While Spolarics is only at the proof of principle, or early stage of the work, he explains that sex hormones can't be the only reason for this female advantage in life because both pre-pubertal girls and post-menopausal women (when hormones shouldn't really be part of the puzzle) do better than their male counterparts. For Spolarics, it's got to be the unique properties of the X chromosomes which contribute to these gender-associated differences in physiology, pathophysiology and disease progression. In fact, what he knows is that the X chromosome carries a large number of genes specifically encoded for proteins whose central function is in immunology and the kind of metabolic systems that play critical roles in survival and shock responses.
In every single cell, women carry two X chromosomes, one from their mother and one from their father and their cells express either one or the other, while men inherit just one X from their mother along with one Y from dad. "Whatever X chromosome a man gets from his mother, ‘good or bad,' that's what he's stuck with," a fact that explains why men are more likely to manifest a severe X-linked genetic defect than women. If a female inherits a deficient X-linked gene, it impacts only half of the cells. Meanwhile, the other half expressing the normal gene can compensate for the lack of function in the deficient one.
Thus, women are a cellular mosaic, or mixture, of their two types of X chromosomes, part of their mother or part of their father in their cells. Half of the cells in females are fine-tuned by the genetic variations from mom's X chromosome, while the other half of the cells are fine-tuned by the variations unique to dad's X chromosome. And the presence of this mosaic parental subset is at the heart of the female advantage. The extra medley of X-linked cellular variability is a "more responsive, or adaptive, system," Spolarics says, that will be available during the host response to injury or infection which are dynamically changing functional conditions.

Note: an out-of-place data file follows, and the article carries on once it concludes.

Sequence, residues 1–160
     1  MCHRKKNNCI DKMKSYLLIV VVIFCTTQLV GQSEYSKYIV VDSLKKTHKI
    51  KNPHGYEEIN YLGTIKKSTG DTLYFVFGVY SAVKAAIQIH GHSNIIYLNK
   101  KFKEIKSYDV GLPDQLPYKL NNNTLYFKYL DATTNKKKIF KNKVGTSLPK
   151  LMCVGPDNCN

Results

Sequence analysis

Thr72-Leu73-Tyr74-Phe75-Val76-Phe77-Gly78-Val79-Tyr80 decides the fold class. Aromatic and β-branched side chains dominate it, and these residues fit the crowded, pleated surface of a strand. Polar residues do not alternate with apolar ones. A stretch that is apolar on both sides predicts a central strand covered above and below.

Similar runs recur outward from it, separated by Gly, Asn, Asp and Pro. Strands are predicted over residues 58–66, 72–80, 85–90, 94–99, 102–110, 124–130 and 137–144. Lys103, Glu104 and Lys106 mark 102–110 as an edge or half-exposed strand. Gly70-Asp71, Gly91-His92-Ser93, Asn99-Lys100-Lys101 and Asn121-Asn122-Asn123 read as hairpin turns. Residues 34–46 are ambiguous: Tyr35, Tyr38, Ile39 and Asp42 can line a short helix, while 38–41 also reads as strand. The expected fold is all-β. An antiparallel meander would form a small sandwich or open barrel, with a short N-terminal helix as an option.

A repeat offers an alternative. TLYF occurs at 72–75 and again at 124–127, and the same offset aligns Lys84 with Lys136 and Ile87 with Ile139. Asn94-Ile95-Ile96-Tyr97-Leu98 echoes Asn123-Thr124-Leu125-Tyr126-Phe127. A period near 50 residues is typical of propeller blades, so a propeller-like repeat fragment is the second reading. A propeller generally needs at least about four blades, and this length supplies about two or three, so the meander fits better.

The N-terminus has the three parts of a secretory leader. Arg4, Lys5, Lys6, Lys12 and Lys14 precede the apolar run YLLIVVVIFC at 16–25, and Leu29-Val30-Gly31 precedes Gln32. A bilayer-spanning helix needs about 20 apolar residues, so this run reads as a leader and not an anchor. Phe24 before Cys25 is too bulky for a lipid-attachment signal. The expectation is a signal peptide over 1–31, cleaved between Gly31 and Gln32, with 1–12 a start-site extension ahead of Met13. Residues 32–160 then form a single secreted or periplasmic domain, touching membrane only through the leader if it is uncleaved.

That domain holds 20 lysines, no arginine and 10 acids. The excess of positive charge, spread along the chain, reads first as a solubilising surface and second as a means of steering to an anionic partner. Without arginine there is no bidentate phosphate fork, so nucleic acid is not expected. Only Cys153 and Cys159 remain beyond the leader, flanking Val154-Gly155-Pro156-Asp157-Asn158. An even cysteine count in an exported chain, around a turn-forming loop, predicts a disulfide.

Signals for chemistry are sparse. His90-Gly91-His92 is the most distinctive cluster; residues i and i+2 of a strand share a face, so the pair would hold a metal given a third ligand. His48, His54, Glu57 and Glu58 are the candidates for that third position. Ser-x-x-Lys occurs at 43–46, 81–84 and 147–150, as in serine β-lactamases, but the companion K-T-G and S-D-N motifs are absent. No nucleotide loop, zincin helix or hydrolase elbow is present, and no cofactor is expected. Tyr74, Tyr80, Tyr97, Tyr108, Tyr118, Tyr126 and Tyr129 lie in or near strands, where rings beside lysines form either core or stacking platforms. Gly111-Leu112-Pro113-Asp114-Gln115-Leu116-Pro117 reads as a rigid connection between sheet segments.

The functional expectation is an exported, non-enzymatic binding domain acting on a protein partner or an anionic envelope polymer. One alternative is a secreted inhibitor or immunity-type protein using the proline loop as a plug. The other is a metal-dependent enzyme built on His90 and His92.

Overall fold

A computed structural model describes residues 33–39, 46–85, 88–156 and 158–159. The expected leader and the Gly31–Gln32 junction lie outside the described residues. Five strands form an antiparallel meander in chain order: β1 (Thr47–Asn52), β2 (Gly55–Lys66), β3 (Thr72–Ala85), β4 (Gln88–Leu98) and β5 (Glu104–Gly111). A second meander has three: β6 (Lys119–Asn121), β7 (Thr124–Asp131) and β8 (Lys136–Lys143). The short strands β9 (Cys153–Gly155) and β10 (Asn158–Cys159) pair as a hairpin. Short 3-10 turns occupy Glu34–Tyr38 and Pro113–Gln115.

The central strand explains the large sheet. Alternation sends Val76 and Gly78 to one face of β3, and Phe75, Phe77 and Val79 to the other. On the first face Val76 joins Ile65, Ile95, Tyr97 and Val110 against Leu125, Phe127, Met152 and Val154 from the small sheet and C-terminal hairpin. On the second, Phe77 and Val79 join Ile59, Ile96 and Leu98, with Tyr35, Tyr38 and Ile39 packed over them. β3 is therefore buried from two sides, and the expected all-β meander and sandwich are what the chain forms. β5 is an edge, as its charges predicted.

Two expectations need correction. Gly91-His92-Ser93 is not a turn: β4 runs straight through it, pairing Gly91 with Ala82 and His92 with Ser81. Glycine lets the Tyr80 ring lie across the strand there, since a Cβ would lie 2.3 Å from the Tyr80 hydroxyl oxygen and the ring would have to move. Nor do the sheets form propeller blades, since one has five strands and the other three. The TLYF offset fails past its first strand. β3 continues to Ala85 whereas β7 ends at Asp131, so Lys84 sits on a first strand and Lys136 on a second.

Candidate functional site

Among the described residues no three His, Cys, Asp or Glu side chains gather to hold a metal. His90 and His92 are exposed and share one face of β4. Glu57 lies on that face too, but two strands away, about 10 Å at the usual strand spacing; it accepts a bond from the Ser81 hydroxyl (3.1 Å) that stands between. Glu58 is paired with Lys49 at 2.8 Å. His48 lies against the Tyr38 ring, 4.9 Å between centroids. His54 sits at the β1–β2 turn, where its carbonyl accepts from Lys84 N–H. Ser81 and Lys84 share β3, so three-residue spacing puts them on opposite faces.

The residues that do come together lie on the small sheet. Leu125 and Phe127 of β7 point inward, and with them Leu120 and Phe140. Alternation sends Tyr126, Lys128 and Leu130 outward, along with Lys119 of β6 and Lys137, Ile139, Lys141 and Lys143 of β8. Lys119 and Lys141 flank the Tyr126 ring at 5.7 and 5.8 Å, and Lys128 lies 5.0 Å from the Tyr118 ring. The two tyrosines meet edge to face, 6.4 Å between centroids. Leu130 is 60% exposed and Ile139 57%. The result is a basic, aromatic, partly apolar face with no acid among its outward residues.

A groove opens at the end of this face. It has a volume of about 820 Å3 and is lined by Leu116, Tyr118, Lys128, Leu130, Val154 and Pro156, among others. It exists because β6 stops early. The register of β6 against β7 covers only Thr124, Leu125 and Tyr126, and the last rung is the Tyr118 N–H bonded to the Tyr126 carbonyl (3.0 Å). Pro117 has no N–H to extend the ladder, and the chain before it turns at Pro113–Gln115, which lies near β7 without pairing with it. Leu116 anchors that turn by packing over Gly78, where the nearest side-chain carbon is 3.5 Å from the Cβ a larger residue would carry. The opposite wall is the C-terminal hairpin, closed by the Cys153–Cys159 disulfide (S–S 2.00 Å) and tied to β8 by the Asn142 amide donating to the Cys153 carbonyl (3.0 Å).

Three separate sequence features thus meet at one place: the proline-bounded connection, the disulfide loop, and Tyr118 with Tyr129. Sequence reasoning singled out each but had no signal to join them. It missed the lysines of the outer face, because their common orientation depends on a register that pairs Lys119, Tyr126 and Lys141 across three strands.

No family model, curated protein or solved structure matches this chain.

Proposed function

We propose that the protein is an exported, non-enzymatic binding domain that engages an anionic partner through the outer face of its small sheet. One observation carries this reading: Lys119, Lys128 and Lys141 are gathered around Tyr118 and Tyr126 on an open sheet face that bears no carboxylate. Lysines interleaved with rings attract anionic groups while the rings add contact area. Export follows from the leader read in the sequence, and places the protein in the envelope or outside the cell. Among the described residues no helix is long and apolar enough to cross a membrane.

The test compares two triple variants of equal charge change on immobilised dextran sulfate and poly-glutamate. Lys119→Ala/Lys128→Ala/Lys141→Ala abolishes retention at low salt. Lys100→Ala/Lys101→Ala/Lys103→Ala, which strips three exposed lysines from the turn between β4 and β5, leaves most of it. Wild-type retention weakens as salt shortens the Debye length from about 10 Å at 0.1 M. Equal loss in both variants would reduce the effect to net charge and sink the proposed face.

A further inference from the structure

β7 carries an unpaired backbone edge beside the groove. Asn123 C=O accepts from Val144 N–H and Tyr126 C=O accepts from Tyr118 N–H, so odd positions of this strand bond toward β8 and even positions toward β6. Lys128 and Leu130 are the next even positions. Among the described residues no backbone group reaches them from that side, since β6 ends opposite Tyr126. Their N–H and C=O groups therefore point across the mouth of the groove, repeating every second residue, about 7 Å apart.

In his most recent study published in The Journal of Immunology which investigated an X-linked protein that helps out when bacteria need to be killed, Spolarics showed that "mosaicism presents its own phenotype and provides improved antibacterial defense." The responses of mosaic cells within a subject are measurable and exactly what the Spolarics team is currently looking at in animal models to learn why and how mosaic-celled females present improved outcomes as compared to single X chromosome-expressing subjects, like males.
An inflammatory response is a dynamically
changing physiological condition during
which cells are continuously multiplying,
dying, getting activated or paralyzed. The
broadened functional variability in mosaic
females accommodates better to these tough
conditions. "When one cell dies, the other
takes over," Spolarics says. He is willing to bet
that understanding these differences between
men and women will add to more meaningful
approaches to medical care for both sexes. He
believes that medical practice will move
towards an era of more personalized medicine
when one size doesn't fit all especially in
complex, pathophysiological responses such
as multiple trauma or polymicrobial sepsis.
According to Spolarics, to increase the
chances of surviving an accident or illness, or
to fight sepsis when the body's own defense
system may become a killing machine, is
never going to require a single molecule or
gene as a therapeutic target. What is needed
to alter such a cascade of events is a whole
"set of genes and interactions." And in the
meantime, this gifted researcher is getting a
much clearer picture of the mighty, maternal
— Maryann Brinley